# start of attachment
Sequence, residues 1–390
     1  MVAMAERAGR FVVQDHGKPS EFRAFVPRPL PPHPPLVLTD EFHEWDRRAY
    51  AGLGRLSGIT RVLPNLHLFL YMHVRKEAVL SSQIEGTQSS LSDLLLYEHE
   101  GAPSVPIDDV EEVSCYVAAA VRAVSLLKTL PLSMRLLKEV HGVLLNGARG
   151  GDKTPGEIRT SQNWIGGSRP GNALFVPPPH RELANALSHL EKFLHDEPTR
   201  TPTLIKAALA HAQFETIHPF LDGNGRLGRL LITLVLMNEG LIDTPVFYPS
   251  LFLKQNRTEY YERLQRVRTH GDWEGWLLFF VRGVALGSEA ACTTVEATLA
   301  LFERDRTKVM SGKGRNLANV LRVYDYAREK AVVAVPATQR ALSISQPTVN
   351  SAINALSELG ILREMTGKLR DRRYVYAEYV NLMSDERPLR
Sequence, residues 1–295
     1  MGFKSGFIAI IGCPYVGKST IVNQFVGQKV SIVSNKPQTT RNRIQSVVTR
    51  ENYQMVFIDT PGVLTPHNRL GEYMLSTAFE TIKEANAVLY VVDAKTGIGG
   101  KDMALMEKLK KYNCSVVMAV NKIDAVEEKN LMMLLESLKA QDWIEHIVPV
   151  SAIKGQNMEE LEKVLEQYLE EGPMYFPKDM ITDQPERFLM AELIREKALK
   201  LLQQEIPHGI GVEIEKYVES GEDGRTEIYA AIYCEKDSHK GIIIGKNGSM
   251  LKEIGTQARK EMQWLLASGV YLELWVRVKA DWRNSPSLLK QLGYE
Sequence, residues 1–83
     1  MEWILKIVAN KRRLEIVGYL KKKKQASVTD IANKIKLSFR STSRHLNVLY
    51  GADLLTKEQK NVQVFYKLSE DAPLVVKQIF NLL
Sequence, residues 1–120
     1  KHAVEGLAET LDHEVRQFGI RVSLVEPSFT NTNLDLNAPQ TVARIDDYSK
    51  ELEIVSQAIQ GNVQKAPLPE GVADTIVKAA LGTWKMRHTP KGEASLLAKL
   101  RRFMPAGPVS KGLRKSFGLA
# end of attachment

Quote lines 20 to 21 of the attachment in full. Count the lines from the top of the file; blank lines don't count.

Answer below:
Sequence, residues 1–120
     1  KHAVEGLAET LDHEVRQFGI RVSLVEPSFT NTNLDLNAPQ TVARIDDYSK